4 Dec. 45

adoption of the principle that the state as such is responsible for its criminal acts. In fact, save for reliance on the unconvincing argument of sovereignty, ·there is in law no reason why a state should not be answerable for crimes committed on its behalf. A hundred years ago Dr. Lushington, a great English Admiralty judge, refused to admit that a state could not be a pirate. History — very recent history — does not warrant the view that a state cannot be a criminal. On the other hand, the immeasurable potentialities for evil, inherent in the state in this age of science and organization would seem to demand, quite imperatively, means of repression of criminal conduct even more drastic and more effective than in the case of individuals. And insofar, therefore, as this Charter has put on record the principle of the criminal responsibility of the state, it must be applauded as a wise and far-seeing measure of international legislation.

[A recess was taken.]

SIR HARTLEY SHAWCROSS: [Continuing.] I was saying before the recess that there could be no doubt about the principle of criminal responsibility on the part of the state which engaged in aggressive war.

Admittedly, the conscience shrinks from the rigors of collective punishment, which may fall upon the guilty and the innocent alike, although, it may be noted, most of these innocent victims would not have hesitated to reap the fruits of the criminal act if it had been successful. Humanity and justice will find means of mitigating any injustice in collective punishment. Above all, much hardship can be obviated by making the punishment fall upon the individuals who were themselves directly responsible for the criminal conduct of their state. It is here that the powers who framed this Charter took a step which justice, sound legal sense, and an enlightened appreciation of the good of mankind must acclaim without cavil or reserve. The Charter lays down expressly that there shall be individual responsibility for the crimes, including the crimes against the peace, committed on behalf of the state. The state is not an abstract entity. Its rights and duties are the rights and duties of men. Its actions are the actions of men. It is a salutary principle, a principle of law, that politicians who embark upon a particular policy — as here — of aggressive war should not be able to seek immunity behind the intangible personality of the state. It is a salutary legal rule that persons who, in violation of the law, plunge their own and other countries into an aggressive war should do so with a halter around their necks.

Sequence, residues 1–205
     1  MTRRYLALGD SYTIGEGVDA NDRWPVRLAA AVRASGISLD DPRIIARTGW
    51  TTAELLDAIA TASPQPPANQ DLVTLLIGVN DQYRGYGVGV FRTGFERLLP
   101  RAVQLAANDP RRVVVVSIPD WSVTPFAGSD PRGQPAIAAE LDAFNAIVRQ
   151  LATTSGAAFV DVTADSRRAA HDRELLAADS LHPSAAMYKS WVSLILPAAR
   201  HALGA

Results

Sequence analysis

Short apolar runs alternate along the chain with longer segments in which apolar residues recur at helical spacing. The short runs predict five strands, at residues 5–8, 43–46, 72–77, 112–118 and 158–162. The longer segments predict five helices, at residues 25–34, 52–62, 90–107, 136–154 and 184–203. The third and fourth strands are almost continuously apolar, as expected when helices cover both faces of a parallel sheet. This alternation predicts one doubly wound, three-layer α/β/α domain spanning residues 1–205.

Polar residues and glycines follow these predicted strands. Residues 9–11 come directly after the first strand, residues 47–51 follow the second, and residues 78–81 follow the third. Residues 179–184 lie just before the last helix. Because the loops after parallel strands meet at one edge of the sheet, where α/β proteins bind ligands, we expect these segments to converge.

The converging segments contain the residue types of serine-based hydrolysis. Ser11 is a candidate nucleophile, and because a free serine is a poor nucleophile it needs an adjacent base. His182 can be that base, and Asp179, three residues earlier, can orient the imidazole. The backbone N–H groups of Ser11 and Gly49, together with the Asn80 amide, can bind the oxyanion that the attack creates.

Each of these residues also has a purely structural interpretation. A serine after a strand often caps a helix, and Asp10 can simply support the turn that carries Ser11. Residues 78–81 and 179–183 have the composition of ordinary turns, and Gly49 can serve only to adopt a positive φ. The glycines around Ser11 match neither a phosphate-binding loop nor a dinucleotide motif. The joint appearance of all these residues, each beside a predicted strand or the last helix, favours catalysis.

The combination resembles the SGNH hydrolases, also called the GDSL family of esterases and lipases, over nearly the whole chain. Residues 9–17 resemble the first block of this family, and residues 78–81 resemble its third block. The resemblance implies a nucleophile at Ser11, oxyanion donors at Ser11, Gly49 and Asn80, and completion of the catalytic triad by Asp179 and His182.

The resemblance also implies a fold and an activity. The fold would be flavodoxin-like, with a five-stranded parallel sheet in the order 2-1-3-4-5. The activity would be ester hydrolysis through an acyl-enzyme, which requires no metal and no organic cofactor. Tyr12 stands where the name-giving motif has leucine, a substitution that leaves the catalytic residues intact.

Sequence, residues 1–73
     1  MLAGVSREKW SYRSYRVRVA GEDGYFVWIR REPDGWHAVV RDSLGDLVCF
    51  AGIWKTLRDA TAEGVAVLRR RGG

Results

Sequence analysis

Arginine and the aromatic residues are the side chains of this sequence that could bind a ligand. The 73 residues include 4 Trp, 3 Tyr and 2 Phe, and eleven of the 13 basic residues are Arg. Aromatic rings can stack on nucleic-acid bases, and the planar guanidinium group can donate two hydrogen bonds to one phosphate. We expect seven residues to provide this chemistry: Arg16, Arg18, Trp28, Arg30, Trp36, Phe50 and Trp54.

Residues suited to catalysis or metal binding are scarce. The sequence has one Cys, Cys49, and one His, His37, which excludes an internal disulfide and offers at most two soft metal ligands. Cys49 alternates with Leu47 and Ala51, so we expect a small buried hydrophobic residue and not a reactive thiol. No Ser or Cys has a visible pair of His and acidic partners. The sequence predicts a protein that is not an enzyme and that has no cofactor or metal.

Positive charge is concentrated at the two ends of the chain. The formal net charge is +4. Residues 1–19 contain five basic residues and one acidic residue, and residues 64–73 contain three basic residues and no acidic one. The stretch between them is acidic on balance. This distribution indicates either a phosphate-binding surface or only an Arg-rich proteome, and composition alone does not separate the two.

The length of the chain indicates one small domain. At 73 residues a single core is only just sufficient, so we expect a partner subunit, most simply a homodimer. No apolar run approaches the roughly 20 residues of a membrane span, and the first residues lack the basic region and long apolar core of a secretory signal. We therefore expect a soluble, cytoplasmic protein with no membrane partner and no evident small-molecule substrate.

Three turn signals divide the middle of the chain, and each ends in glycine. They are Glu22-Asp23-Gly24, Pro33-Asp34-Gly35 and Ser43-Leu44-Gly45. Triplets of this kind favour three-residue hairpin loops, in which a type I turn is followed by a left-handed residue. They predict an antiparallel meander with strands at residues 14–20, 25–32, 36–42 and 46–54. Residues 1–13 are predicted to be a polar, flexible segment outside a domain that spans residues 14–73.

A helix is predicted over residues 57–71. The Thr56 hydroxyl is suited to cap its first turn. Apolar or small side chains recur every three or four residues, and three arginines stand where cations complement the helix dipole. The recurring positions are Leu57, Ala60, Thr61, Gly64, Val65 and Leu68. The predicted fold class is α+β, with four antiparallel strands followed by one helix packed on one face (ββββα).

To say that those who aid and abet, who counsel and procure a crime are themselves criminals, is a commonplace in our own